* And I have no face, I have wanted to efface myself.   *

* The vivid tulips eat my oxygen.*

* *

* Before they came the air was calm enough,*

* Coming and going, breath by breath, without any fuss.   *

* Then the tulips filled it up like a loud noise.*

* Now the air snags and eddies round them the way a river   *

* Snags and eddies round a sunken rust-red engine.   *

* They concentrate my attention, that was happy   *

* Playing and resting without committing itself.*

* *

* The walls, also, seem to be warming themselves.*

* The tulips should be behind bars like dangerous animals;   *

* They are opening like the mouth of some great African cat,   *

* And I am aware of my heart: it opens and closes*

* Its bowl of red blooms out of sheer love of me.*

* The water I taste is warm and salt, like the sea,*

* And comes from a country far away as health.*

*
*

White and red are some of Plath’s dominant colours in poetry and real life. Ted writes of the first night he saw her:  *She wore red shoes and her blonde hair was held back neatly by a red ribboned band. * She used a lot of red paint to decorate their house in Devon.  Red symbolises life and vitality.

White here represents tranquility, peace, nullity and ultimate death.

** The Elm**

* For Ruth Fainlight*

* I know the bottom, she says. I know it with my great tap root:  *

* It is what you fear.*

* I do not fear it: I have been there.*

* Is it the sea you hear in me,  *

* Its dissatisfactions?*

* Or the voice of nothing, that was your madness?*

* Love is a shadow.*

* How you lie and cry after it*

* Listen: these are its hooves: it has gone off, like a horse.*

* All night I shall gallop thus, impetuously,*

* Till your head is a stone, your pillow a little turf,  *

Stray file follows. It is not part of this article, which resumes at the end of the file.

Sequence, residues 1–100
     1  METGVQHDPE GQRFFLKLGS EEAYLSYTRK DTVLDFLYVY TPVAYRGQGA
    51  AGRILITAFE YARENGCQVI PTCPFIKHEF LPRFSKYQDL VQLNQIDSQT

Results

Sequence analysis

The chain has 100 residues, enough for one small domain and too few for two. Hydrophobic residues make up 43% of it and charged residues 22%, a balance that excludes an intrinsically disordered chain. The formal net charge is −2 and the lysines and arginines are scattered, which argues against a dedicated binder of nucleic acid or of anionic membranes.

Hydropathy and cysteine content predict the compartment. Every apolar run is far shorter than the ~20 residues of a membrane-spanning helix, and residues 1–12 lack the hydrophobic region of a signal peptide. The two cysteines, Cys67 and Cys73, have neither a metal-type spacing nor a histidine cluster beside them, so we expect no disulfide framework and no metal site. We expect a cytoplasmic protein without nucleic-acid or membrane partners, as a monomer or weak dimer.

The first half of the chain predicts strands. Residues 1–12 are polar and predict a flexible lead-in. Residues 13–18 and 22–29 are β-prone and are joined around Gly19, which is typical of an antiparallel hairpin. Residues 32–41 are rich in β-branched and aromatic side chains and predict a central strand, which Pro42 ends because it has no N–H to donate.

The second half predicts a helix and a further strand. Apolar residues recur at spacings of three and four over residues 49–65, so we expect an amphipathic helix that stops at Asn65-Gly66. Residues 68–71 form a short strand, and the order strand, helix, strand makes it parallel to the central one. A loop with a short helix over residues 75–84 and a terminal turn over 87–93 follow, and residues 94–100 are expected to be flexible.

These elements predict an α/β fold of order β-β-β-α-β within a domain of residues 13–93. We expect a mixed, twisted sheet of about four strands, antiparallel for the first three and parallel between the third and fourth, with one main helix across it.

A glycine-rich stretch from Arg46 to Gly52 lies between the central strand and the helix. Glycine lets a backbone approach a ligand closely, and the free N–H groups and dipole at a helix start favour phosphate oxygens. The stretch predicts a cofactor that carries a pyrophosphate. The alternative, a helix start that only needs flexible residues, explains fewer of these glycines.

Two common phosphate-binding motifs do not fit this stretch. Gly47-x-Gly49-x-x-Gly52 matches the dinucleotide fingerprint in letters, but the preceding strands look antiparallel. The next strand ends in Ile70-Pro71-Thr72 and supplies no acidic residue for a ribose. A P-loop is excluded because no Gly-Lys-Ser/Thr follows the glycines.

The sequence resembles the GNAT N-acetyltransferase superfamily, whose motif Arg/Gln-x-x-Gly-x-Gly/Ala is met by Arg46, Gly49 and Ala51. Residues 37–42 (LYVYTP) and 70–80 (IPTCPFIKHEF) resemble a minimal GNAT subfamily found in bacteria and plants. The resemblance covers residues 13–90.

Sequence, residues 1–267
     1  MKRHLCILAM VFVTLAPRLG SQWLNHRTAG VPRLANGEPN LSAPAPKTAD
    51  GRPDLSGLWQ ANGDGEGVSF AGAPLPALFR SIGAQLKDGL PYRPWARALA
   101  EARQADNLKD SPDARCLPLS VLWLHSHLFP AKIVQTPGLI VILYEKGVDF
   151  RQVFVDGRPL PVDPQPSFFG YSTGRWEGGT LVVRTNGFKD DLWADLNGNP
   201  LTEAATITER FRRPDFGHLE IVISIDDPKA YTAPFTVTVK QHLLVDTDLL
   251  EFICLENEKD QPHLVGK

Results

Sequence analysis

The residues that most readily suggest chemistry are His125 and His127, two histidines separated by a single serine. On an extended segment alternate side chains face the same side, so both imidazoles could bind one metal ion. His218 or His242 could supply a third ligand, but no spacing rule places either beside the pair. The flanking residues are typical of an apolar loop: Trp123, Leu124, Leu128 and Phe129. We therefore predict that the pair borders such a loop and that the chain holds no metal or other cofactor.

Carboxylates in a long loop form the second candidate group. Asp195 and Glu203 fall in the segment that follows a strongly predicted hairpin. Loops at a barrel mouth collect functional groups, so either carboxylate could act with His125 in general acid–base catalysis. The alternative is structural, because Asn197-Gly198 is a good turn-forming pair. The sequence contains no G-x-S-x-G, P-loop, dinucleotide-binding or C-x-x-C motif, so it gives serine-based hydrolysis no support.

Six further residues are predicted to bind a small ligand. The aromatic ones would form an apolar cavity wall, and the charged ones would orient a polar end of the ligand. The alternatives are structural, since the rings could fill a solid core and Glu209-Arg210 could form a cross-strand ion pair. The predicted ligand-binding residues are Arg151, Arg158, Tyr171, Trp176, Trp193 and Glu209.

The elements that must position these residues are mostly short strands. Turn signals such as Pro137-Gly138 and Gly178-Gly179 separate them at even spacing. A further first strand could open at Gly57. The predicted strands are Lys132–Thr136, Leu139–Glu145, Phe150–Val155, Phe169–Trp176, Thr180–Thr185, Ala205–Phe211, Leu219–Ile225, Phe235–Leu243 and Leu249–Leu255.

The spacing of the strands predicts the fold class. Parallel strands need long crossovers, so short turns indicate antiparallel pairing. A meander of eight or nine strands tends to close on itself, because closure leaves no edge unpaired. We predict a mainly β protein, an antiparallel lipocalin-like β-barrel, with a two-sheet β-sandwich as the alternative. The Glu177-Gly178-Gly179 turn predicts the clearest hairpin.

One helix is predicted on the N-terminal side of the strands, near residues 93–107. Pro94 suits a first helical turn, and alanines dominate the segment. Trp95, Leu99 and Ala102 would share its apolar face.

* Echoing, echoing.*

* Or shall I bring you the sound of poisons?  *

* This is rain now, this big hush.*

* And this is the fruit of it: tin-white, like arsenic.*

* I have suffered the atrocity of sunsets.  *

* Scorched to the root*

* My red filaments burn and stand, a hand of wires.*

* Now I break up in pieces that fly about like clubs. *

* A wind of such violence*

* Will tolerate no bystanding: I must shriek.*

** The Moon and the Yew Tree**

* The moon, also, is merciless: she would drag me  *

* Cruelly, being barren.*

* Her radiance scathes me. Or perhaps I have caught her.*

* I let her go. I let her go*

* Diminished and flat, as after radical surgery.  *

* How your bad dreams possess and endow me.*

* I am inhabited by a cry.  *

* Nightly it flaps out*

* Looking, with its hooks, for something to love.*

* I am terrified by this dark thing  *

* That sleeps in me;*

* All day I feel its soft, feathery turnings, its malignity.*

* Clouds pass and disperse.*

* Are those the faces of love, those pale irretrievables?  *

* Is it for such I agitate my heart?*

* I am incapable of more knowledge.  *

* What is this, this face*

* So murderous in its strangle of branches?——*

* Its snaky acids hiss.*

* It petrifies the will. These are the isolate, slow faults  *

* That kill, that kill, that kill.*

Sheep in Fog

* The hills step off into whiteness.*

* People or stars*

* Regard me sadly, I disappoint them.*

* The train leaves a line of breath.*

* O slow*

* Horse the color of rust,*

* Hooves, dolorous bells–*

* All morning the*

* Morning has been blackening,*

* A flower left out.*

* My bones hold a stillness, the far*

* Fields melt my heart.*

* They threaten*

* To let me through to a heaven*

* Starless and fatherless, a dark water.*